This epergne is among the largest and most impressive of neo-classical examples made towards the end of the eighteenth century; its scale is second only to the example made in 1780 by James Young in the Palace of Queluz in Portugal. The chasing and engraving around the pierced decoration on the present example is exceptional in the quality of its execution.
The epergne, or surtout de table, was introduced from France at the beginning of the eighteenth century. As early as the 1720s one appears in a royal inventory described as an 'Aparn' evidently a misunderstanding of the French word épargner (to save), meaning to save space on the table.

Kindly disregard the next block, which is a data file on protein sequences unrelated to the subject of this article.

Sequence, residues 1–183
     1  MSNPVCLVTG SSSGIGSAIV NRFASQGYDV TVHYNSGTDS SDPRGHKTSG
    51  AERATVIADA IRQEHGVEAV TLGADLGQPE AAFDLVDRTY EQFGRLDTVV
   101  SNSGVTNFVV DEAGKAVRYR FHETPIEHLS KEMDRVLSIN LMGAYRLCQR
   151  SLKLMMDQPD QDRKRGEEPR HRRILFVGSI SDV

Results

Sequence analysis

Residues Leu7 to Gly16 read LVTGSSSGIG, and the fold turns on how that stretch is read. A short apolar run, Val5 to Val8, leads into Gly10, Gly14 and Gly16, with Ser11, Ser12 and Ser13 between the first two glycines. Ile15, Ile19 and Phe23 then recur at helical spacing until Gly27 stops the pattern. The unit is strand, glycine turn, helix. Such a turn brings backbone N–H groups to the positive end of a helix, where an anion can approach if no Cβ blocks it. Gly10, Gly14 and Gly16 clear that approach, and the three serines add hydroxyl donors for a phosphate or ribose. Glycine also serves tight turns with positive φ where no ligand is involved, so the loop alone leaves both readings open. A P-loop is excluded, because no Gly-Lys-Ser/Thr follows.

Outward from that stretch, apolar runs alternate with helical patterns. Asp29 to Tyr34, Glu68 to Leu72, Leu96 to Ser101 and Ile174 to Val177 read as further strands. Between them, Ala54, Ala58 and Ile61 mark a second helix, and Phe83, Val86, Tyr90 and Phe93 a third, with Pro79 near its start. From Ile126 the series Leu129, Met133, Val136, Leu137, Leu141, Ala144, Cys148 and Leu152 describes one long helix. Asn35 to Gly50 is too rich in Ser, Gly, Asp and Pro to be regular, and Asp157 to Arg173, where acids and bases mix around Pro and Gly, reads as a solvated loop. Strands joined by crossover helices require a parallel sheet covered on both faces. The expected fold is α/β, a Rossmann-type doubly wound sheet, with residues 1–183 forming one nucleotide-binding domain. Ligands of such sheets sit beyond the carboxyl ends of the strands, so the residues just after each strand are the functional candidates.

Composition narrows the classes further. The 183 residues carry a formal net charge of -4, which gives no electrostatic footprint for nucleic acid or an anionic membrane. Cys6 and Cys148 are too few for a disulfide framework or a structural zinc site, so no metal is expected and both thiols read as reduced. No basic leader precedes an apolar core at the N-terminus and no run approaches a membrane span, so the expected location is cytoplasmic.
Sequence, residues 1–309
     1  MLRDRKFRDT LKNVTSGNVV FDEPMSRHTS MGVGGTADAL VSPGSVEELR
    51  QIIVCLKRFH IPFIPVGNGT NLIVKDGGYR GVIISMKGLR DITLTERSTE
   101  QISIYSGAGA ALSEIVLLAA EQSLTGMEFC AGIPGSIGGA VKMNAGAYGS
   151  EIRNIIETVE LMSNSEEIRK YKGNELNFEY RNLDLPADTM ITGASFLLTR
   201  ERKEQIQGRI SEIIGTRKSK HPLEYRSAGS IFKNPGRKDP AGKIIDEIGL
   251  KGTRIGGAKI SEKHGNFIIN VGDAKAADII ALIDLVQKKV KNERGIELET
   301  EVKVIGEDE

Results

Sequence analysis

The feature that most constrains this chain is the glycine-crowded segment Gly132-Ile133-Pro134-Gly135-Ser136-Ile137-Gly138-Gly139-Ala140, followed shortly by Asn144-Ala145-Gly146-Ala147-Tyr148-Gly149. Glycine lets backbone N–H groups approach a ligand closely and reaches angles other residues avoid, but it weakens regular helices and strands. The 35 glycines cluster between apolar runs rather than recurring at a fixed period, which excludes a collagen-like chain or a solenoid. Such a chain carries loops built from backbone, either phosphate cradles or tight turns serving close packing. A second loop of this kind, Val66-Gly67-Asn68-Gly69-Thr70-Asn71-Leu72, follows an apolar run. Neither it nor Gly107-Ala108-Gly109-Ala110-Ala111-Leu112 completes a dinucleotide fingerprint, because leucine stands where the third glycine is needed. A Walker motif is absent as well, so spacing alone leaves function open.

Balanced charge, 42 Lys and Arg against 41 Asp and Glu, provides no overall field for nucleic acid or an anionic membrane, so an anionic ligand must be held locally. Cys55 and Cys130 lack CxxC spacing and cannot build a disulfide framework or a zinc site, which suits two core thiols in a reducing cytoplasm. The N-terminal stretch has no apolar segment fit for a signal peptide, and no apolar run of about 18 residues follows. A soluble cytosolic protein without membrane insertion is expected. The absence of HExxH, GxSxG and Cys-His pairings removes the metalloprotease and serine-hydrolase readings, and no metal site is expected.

William Pitts I, free in 1784, was the son of Thomas, not only a specialist epergne maker but supplier of top quality goods for other goldsmiths such as Parker & Wakelin to retail; see, for example, the Harcourt wine coolers, Sothebys, London, 20 November 2003, lot 197. William Pitts's workshop from 1786 was at 26 Litchfield Street, St Anne’s, Soho. Epergnes form the bulk of his surviving work from before 1800, but later in his career he also made large-scale cast candelabra.
The Maitland arms are presumably for a member of the family of the Earls of Lauderdale.
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